2. Unfortunately you still have corporate HR departments that can’t distiquush between credentials and qualifications.

        I know typos happen, and I’m not normally one to call attention to them. But that one is too awesome not to mention.

  14. “A college degree is the new high school diploma.”

    Government made the high school diploma “free”, and it became worthless.

    Now Bernie wants to do the same thing with college.

  15. OT: I saw Rand earlier this evening on CNN. Is he still chasing Sweater Vest voters? Just stop it already, Rand, why do you think you’re still only polling at 5-6%? He needs some good coaching and he’s got the wrong people.

    1. I am not clicking on that.

      1. Then you’re missing out on incontrovertible video evidence that Agile Cyborg is, in reality, a British woman.

        1. Needs moar tape measures.

      2. Go on Rhywun, click the link. You know you want to.

  16. I am grateful to Bernie Sanders for his presidential campaign because now it is so much easier for me to spot the economic dimwits in my social circles.

    1. You mean cheerleading Obamacare wasn’t indicative enough?

  17. OT:

    RB’s “End of Doom”, assuming AGW and discussing the costs of various responses.
    A Yale prof, William Nordhaus makes estimates of several ‘paths’, and then Ron tosses in that “…Nordhaus observes “Most philosophers and economists hold that rich generations have a lower ethical claim on resources than poorer generations”.” And offers no comment.

    I’m not sure the claim of consensus is true, and even if it is, I see nothing in logic to justify such an opinion.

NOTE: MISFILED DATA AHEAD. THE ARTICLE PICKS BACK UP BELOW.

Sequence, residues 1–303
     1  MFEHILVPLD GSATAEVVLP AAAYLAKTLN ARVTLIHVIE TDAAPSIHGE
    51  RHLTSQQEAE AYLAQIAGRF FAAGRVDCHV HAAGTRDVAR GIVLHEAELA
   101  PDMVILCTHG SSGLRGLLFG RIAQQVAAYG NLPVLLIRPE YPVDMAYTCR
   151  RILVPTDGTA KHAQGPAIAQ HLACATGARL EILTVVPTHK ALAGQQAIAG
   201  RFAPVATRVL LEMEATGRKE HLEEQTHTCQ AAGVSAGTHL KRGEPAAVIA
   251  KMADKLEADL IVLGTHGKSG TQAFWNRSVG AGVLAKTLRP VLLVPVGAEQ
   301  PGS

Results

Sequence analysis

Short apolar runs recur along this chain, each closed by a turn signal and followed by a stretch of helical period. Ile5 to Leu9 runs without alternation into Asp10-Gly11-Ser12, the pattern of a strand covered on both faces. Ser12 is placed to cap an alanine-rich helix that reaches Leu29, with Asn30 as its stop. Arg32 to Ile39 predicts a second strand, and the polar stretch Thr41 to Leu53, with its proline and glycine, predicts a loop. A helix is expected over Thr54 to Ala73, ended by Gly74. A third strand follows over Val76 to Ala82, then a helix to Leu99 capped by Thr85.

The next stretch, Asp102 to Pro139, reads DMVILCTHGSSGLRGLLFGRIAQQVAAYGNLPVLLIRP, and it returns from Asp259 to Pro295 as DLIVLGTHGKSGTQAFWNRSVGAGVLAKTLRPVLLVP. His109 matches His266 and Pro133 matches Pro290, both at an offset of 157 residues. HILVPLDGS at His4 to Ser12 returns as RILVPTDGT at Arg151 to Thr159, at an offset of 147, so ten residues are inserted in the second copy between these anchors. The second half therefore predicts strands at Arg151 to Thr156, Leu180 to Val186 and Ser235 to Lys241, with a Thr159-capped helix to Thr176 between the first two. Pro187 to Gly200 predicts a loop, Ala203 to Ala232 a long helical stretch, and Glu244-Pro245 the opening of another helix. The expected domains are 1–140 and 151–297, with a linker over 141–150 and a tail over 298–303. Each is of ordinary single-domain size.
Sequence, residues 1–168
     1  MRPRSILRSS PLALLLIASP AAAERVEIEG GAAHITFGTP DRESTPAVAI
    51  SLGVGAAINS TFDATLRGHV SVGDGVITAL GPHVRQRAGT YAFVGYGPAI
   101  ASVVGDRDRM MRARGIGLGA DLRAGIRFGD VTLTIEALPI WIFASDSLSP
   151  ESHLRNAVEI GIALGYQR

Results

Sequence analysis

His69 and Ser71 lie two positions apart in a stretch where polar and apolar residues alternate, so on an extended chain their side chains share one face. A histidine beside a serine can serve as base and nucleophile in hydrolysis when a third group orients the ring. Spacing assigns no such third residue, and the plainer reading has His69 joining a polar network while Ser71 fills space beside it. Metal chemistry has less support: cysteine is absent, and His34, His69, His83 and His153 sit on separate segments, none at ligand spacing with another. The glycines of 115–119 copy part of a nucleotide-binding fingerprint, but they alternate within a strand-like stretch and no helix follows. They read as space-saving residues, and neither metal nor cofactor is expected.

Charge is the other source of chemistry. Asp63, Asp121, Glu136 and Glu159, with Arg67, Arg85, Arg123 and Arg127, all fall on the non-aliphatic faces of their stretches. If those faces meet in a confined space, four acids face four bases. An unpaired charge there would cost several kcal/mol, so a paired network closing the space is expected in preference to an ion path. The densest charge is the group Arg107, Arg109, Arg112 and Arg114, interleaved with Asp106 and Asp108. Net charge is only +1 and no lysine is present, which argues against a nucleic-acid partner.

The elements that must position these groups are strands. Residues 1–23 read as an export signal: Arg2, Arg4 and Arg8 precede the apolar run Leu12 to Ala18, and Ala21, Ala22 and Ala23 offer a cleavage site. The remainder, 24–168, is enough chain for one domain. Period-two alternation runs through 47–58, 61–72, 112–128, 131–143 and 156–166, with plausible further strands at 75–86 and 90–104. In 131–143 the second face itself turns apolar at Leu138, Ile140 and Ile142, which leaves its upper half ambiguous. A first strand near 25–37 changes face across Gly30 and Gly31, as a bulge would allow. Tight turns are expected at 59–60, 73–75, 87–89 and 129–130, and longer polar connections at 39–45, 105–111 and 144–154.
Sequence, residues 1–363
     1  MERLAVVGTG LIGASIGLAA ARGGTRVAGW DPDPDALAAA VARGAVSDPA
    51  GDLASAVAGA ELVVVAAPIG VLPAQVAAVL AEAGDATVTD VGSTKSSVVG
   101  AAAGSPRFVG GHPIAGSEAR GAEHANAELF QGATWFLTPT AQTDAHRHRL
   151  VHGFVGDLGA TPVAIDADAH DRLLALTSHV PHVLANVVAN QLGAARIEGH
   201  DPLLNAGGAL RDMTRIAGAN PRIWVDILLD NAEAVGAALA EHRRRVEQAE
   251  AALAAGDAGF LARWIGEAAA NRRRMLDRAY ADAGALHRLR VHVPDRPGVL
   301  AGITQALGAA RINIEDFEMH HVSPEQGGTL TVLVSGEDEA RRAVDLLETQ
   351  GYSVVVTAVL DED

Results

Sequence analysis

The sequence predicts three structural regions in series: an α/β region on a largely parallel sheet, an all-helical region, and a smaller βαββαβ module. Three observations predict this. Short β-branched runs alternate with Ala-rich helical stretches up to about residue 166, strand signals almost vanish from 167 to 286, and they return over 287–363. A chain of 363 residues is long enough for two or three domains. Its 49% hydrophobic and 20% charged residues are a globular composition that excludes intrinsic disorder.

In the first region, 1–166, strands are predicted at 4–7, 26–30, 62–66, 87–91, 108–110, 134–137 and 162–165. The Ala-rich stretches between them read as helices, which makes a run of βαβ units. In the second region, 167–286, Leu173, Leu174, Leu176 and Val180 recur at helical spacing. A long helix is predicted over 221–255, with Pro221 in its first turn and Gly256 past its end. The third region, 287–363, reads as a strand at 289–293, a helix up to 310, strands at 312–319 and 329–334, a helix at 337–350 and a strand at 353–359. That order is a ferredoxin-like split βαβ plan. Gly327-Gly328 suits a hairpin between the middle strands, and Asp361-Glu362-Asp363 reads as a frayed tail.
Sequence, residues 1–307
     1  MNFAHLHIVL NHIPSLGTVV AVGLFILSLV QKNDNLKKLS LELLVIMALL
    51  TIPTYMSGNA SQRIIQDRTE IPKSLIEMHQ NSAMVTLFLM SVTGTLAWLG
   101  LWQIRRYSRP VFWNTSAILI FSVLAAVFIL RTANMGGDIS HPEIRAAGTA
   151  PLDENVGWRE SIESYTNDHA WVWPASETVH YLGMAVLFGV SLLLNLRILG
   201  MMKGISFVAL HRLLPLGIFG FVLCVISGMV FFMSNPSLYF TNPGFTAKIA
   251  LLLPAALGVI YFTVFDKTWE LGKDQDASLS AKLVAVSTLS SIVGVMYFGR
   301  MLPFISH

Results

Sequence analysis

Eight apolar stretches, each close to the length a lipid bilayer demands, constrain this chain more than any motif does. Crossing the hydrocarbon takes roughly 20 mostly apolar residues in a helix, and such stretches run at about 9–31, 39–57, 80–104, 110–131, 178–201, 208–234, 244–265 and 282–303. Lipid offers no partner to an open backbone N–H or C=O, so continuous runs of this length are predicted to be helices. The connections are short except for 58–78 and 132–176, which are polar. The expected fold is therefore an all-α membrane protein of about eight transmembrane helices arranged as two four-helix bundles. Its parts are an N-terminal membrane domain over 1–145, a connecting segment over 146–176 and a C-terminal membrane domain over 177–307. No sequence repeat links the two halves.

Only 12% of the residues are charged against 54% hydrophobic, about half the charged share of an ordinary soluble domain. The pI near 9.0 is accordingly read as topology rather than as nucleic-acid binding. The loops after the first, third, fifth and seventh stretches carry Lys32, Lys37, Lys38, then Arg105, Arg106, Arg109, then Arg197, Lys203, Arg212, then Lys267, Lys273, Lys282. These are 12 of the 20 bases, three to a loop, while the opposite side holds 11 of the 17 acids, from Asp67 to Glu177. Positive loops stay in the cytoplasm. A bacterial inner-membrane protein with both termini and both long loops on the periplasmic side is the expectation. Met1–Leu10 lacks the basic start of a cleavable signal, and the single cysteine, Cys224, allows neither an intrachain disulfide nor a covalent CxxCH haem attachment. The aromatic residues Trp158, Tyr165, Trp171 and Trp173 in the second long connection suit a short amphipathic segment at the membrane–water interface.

BTW, the book is highly recommended, and a pretty quick read.

    1. If this is the end of doom then why do I keep hearing about how austerity and climate change will destroy civilization?

      1. After you READ THE BOOK you might not ask that question.

      1. “Human behavior is economic behavior. The particulars may vary, but competition for limited resources remains a constant. Need as well as greed have followed us to the stars, and the rewards of wealth still await those wise enough to recognize this deep thrumming of our common pulse.”

      2. HM, the character and movie (?) are under my radar, but the statement has at least some validity.
        Much as we’ve always had ’20 years of oil reserves’, since prospecting is driven by consumption. Hell yes! Use it up!

        1. HM, the character and movie (?)

          Computer game. Perhaps one of the best of all time.

          1. Perhaps one of the best of all time.

            Fuckidy yeah with sprinkles on top.

          2. Better than Pong?! Pac Man?!
            Get off of my lawn!

          3. Better than HL3? You don’t know that!

            1. Every version of Civilization sucks when compared to Alpha Centauri. Do the math.

      3. Hell, we owe it to future generations to use our allotment of resources as productively as possible. It’s only wasteful if we let our fields sit fallow. We’re building the wonders of their world with the meager supplies available to us.